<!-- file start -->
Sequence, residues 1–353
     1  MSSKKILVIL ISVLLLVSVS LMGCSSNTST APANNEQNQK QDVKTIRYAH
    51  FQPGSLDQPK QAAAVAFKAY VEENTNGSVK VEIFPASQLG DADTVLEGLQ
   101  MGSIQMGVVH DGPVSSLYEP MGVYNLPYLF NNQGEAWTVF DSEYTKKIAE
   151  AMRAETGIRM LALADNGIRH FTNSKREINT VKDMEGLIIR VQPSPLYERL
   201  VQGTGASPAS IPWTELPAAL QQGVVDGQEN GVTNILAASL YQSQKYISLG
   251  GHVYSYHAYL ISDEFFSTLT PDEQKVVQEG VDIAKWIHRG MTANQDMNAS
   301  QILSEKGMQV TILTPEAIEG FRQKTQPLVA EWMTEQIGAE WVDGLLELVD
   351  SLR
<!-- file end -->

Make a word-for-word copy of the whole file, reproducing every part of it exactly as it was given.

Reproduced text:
Sequence, residues 1–353
     1  MSSKKILVIL ISVLLLVSVS LMGCSSNTST APANNEQNQK QDVKTIRYAH
    51  FQPGSLDQPK QAAAVAFKAY VEENTNGSVK VEIFPASQLG DADTVLEGLQ
   101  MGSIQMGVVH DGPVSSLYEP MGVYNLPYLF NNQGEAWTVF DSEYTKKIAE
   151  AMRAETGIRM LALADNGIRH FTNSKREINT VKDMEGLIIR VQPSPLYERL
   201  VQGTGASPAS IPWTELPAAL QQGVVDGQEN GVTNILAASL YQSQKYISLG
   251  GHVYSYHAYL ISDEFFSTLT PDEQKVVQEG VDIAKWIHRG MTANQDMNAS
   301  QILSEKGMQV TILTPEAIEG FRQKTQPLVA EWMTEQIGAE WVDGLLELVD
   351  SLR